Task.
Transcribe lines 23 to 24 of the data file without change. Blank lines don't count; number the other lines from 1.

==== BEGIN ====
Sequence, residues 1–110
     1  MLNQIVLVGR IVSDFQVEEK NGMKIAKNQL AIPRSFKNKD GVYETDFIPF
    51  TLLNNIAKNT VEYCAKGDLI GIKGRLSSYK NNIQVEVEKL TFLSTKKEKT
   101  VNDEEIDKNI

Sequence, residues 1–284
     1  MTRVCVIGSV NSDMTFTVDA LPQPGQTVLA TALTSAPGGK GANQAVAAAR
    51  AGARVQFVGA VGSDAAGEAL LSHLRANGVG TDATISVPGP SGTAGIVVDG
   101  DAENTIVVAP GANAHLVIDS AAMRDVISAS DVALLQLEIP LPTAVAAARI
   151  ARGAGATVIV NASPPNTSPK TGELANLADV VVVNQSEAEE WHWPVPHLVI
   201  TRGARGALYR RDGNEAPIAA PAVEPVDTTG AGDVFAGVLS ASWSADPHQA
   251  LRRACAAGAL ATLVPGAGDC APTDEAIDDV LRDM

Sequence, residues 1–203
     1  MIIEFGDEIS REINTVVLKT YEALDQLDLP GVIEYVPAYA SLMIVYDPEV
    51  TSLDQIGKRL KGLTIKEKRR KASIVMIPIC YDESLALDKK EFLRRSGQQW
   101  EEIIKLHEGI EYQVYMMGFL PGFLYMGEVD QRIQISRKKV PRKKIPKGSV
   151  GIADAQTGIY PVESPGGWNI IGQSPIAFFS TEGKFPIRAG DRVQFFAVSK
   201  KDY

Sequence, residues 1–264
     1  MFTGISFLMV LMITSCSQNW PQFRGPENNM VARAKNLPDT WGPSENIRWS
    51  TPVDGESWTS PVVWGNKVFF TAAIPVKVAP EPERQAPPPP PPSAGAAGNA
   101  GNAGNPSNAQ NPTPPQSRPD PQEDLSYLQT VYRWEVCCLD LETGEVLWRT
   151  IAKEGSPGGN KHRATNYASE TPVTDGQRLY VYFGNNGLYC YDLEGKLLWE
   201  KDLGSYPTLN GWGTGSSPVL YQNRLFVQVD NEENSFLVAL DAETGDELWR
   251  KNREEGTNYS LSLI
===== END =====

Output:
   201  KDLGSYPTLN GWGTGSSPVL YQNRLFVQVD NEENSFLVAL DAETGDELWR
   251  KNREEGTNYS LSLI